Europe Energy

Europe Energy


The most important European electricity producers are – in that order – Russia, Germany, France, Great Britain, Spain and Italy. In the combination of the primary energies used for electricity generation, there are in some cases significant differences between the European countries. While the energy mix is ​​relatively different in countries such as Germany, Spain and Romania, individual primary energy sources dominate in Poland, France, Austria, Switzerland and the Netherlands, for example.


Electrical energy is transmitted and exchanged in Europe on a national and international level. Germany produced around 51,000 GWh of electricity in January 2014, but only consumed around 46,000 GWh. However, the difference of around 5000 GWh does not correspond to the amount exported. Rather, Germany exported around 7,500 GWh of electricity and imported around 2,500 GWh in turn. The exports went mainly to the neighboring countries (Netherlands, Switzerland, Austria and Poland). For Germany, many countries are both recipients of electricity exports and sources of electricity imports. In January 2014, 426 GWh of electricity were exported from Germany to the Czech Republic, but 642 GWh were also imported from there. The result is a complicated mosaic of exchange relationships, because electricity is bought by the providers there,

The prerequisites for international electricity exchange processes include uniform standards for network technology, network operation and the electricity markets. This task has been carried out by the Association of European Transmission System Operators (ENTSO-E) since 2009.

The ENTSO-E has five regional areas, in addition to the independent states Ireland and England there are the three Baltic states, Northern Europe including Iceland and the rest of continental Europe (excluding Russia, Belarus and Moldova). Denmark is partly part of the Northern European, partly part of the continental electricity grid. In each of these five regional areas there are standardized power grids, which, however, for technical reasons cannot be interconnected to form a large European grid. Great Britain, Ireland and Iceland operate their own interconnected networks due to their island location. Russia operates its own power grid in Eastern Europe according to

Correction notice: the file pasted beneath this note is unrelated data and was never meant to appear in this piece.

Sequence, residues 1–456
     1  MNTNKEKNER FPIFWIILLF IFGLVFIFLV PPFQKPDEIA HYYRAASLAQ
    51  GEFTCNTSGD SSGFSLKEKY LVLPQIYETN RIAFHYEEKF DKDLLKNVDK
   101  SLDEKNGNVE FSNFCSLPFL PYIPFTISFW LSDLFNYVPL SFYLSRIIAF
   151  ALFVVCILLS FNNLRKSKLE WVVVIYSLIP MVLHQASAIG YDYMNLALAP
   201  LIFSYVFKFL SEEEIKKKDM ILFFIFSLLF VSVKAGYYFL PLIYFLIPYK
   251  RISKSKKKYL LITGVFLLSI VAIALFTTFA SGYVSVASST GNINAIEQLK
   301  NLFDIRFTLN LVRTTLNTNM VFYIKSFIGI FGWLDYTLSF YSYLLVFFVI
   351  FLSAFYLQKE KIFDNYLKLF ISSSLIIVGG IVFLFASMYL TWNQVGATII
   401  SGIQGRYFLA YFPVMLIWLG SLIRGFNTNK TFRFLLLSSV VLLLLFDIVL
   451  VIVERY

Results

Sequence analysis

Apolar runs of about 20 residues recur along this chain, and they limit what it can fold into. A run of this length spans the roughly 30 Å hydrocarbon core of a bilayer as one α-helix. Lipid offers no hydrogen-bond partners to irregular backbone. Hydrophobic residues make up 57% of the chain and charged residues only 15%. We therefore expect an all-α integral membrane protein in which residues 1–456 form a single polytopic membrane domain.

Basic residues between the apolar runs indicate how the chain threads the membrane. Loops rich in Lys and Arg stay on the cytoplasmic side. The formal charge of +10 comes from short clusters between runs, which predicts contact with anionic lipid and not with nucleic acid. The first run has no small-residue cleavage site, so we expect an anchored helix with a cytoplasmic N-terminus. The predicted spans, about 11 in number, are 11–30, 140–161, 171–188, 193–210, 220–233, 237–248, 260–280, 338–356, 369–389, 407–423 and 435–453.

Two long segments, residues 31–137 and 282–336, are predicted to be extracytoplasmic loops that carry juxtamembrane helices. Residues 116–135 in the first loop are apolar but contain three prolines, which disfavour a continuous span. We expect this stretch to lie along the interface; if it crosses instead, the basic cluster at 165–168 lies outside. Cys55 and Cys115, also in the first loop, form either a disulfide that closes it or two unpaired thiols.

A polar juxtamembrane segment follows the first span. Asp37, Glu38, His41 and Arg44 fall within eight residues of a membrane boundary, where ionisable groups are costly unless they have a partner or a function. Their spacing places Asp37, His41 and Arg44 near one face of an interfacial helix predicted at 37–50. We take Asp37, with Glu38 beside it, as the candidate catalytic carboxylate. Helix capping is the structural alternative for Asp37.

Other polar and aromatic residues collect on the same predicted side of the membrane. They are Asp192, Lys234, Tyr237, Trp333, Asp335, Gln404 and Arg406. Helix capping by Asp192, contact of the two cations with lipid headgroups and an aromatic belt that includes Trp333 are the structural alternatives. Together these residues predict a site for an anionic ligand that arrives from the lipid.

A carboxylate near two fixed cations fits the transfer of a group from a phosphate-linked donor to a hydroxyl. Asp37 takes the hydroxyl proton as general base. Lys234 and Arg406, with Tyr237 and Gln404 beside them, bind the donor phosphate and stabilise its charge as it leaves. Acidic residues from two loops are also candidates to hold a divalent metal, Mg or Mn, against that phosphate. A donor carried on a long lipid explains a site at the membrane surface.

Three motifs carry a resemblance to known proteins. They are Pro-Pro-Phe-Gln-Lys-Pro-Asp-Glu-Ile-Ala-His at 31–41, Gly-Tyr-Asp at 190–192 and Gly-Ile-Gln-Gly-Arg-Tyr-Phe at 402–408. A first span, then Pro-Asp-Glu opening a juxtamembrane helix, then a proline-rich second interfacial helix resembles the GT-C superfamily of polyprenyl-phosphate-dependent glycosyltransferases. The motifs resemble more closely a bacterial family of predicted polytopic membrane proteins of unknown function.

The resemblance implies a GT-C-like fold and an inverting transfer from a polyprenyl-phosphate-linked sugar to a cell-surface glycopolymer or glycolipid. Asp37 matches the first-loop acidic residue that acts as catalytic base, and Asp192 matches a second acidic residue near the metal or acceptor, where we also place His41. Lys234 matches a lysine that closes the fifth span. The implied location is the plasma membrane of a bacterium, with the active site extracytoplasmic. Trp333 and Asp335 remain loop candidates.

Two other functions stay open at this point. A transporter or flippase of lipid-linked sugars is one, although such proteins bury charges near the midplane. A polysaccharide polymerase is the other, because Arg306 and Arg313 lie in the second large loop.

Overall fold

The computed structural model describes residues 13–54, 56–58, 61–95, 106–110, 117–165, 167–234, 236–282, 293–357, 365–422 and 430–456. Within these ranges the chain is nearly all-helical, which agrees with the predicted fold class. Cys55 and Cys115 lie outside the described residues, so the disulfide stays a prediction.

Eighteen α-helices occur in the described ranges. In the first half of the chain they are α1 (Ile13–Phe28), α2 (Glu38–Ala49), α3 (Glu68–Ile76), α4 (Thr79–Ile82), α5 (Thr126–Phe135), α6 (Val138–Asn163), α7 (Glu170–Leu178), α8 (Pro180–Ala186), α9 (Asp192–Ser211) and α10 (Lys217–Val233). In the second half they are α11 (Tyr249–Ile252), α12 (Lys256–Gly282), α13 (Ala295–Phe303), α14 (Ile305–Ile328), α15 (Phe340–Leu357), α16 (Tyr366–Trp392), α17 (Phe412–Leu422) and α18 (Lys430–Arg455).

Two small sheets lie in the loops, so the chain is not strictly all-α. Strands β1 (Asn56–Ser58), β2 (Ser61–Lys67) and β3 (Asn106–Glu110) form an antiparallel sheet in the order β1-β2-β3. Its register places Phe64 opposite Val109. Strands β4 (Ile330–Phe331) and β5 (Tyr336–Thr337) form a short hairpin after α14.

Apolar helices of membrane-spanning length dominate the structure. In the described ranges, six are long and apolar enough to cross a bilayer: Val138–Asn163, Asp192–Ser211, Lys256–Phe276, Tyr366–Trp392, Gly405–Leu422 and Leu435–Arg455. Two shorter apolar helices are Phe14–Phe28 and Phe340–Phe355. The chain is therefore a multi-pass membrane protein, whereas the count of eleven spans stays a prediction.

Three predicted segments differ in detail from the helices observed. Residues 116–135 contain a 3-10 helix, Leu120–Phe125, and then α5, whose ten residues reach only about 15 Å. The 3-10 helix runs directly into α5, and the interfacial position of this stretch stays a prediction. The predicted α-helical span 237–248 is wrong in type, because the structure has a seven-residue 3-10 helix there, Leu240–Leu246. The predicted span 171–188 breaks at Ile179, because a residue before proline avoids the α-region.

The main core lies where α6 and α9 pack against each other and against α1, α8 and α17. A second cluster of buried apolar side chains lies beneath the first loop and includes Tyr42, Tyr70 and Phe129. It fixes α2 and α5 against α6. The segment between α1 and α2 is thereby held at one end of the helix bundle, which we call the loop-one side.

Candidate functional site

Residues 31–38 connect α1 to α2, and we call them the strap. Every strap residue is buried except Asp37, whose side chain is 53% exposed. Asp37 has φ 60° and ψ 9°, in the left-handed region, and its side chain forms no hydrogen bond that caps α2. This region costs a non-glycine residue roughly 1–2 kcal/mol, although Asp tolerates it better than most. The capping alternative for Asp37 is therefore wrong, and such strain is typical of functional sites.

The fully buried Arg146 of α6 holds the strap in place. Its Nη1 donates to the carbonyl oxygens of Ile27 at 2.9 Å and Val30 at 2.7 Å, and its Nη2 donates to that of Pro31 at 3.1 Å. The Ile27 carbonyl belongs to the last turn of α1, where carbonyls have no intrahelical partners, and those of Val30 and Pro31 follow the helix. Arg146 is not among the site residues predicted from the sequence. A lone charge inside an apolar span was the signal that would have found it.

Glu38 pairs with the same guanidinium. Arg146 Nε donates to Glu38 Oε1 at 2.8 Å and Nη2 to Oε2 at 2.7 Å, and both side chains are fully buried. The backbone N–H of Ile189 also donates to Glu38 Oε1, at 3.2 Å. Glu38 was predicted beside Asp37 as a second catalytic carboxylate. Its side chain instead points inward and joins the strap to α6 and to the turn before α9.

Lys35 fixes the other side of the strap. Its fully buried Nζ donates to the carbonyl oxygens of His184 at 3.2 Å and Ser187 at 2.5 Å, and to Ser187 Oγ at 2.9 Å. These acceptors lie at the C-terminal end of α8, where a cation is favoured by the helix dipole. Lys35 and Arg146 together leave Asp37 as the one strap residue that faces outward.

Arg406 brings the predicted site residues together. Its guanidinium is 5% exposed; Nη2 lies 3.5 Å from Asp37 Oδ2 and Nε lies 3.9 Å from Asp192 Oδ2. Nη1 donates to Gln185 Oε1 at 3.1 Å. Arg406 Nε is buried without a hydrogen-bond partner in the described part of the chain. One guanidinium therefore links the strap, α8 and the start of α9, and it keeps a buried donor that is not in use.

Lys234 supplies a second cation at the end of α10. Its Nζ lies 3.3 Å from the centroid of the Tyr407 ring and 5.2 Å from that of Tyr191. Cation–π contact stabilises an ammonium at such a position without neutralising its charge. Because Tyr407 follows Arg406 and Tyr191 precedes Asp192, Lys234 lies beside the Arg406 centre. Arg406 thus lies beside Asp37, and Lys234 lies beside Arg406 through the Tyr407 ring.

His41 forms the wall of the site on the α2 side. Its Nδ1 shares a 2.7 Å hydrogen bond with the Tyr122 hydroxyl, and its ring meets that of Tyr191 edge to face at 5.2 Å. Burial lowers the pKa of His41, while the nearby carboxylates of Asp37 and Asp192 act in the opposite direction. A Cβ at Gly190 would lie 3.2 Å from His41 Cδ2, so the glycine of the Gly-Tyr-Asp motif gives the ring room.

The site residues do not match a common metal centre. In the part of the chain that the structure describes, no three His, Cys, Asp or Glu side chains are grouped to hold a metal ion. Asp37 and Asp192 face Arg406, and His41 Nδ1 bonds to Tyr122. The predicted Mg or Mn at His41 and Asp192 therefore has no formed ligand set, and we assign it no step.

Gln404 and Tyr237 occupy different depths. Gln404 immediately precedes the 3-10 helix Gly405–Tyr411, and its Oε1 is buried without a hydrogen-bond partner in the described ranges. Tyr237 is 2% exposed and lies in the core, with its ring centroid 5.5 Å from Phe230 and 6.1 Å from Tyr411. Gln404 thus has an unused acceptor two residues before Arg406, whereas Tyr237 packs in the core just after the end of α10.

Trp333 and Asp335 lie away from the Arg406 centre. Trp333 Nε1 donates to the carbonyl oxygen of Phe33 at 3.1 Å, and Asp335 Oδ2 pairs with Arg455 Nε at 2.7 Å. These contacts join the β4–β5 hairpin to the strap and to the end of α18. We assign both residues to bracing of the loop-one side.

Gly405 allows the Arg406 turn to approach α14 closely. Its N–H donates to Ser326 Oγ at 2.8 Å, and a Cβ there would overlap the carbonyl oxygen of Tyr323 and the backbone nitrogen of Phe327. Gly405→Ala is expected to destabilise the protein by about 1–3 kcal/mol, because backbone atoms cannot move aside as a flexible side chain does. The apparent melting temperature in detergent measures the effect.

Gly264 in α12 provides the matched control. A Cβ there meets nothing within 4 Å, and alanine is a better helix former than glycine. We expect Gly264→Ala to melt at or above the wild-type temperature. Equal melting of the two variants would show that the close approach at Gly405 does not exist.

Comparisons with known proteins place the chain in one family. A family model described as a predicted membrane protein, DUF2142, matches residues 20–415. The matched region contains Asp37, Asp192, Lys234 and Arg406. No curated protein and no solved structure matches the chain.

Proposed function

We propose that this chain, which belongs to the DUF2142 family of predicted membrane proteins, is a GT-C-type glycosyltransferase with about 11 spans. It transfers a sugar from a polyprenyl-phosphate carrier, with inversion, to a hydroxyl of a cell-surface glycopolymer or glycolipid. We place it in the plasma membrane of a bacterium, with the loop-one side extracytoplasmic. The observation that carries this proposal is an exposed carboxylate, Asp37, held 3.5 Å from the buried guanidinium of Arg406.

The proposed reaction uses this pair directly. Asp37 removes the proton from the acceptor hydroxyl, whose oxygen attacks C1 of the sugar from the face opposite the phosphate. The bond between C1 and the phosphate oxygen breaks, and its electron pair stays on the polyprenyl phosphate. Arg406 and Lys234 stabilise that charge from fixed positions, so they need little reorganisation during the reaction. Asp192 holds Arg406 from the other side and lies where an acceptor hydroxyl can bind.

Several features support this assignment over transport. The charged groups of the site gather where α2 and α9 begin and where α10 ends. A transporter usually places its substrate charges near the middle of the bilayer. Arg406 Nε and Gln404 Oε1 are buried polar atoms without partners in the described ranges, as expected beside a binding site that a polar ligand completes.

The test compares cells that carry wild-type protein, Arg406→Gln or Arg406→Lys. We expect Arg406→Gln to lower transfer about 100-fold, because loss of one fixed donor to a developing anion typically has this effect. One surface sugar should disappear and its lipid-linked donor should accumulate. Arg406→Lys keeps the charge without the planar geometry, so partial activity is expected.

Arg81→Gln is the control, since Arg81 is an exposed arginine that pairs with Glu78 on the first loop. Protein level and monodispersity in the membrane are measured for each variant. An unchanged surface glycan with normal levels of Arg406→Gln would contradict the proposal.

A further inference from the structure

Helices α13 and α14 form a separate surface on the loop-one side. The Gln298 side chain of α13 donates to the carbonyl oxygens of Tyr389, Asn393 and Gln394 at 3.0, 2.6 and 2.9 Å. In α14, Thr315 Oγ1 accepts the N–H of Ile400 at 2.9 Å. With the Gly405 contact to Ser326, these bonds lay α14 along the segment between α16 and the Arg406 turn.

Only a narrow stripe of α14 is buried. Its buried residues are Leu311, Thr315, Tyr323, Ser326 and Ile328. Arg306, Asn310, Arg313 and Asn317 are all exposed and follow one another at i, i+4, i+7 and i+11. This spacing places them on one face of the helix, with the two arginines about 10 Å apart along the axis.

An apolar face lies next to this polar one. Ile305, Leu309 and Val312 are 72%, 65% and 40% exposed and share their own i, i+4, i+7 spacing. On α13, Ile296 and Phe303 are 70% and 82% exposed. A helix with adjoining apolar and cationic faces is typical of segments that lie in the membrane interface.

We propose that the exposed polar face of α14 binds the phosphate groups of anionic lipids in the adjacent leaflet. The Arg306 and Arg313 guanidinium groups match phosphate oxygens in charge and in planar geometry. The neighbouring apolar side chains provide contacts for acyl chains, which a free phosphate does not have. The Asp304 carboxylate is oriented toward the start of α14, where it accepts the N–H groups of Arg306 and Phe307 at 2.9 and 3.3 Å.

An important task of the interconnected networks is to step in at short notice in the event of irregularities in the networks of the respective partner in order to avoid excessive voltage or frequency fluctuations, for example.


The proportions of the total primary energies used to generate electricity in the individual European countries depend, among other things, on the respective natural spatial conditions such as the availability of energy resources and the usability of hydropower. In countries like Austria and Switzerland, for example, the potential for the use of hydropower is particularly great because of the relief of the Alps and the numerous rivers; this is reflected in the generation of electricity. The pronounced use of hydropower also leads to seasonal fluctuations in electricity generation in both countries. Electrical energy is therefore mainly exported from Austria and Switzerland in the water-rich summer months. There was a surplus in favor of Germany in the electricity exchange between Germany and Switzerland in January 2014 (1440 GWh),

Other countries use their own storage facilities for conventional energy sources, for example Poland when using hard coal or the Netherlands when using natural gas.

Structures that cannot be justified, or can only partially be justified by natural factors, can often be traced back to energy policy frameworks. In Germany and in other European countries, for example, after the so-called oil price crises of the 1970s, the use of coal and, above all, nuclear energy became increasingly important under the slogan “Away from oil and gas”. In Germany, the aim was to achieve a supply of electrical energy that was largely independent of the world market and at the same time inexpensive. Another example of the effects of framework specifications are the resolutions and strategies of Germany with regard to the nuclear phase-out and the promotion of renewable energies.

The extensive French electricity exports (mainly to Italy, Switzerland, Great Britain and Germany), on the other hand, are due to the strong expansion of the use of nuclear energy in France, with which the country generates around three quarters of its electricity.

Future developments on the electricity market will be largely determined by the strategies and measures with which the EU pursues its declared, only partially achieved goal of a European internal energy market and the results it achieves. In addition, efforts to protect the climate are increasingly playing a decisive role.

Europe Energy